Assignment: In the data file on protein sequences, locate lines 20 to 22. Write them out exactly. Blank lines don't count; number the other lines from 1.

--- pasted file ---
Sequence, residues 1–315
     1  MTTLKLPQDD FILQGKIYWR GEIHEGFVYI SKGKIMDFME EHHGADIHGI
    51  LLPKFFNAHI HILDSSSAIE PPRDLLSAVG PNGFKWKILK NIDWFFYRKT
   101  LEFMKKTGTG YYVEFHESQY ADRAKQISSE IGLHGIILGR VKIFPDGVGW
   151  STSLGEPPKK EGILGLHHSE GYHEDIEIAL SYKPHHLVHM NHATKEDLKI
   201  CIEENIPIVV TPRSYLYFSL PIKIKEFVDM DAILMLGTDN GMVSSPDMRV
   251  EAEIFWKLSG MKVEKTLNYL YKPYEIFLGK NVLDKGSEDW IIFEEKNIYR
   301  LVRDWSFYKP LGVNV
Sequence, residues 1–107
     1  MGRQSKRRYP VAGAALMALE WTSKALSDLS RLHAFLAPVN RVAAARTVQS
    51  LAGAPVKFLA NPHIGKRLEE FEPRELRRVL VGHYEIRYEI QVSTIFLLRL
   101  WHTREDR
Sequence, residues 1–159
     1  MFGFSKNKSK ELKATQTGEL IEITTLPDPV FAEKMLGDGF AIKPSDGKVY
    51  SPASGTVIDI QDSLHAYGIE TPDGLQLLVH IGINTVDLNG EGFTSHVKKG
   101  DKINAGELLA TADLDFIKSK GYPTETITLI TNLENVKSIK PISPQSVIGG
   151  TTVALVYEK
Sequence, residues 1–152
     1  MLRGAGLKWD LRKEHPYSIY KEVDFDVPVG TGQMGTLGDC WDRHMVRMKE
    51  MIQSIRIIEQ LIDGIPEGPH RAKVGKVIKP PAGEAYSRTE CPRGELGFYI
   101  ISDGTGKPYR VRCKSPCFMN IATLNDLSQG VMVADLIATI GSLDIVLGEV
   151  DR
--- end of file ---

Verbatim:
    51  MIQSIRIIEQ LIDGIPEGPH RAKVGKVIKP PAGEAYSRTE CPRGELGFYI
   101  ISDGTGKPYR VRCKSPCFMN IATLNDLSQG VMVADLIATI GSLDIVLGEV
   151  DR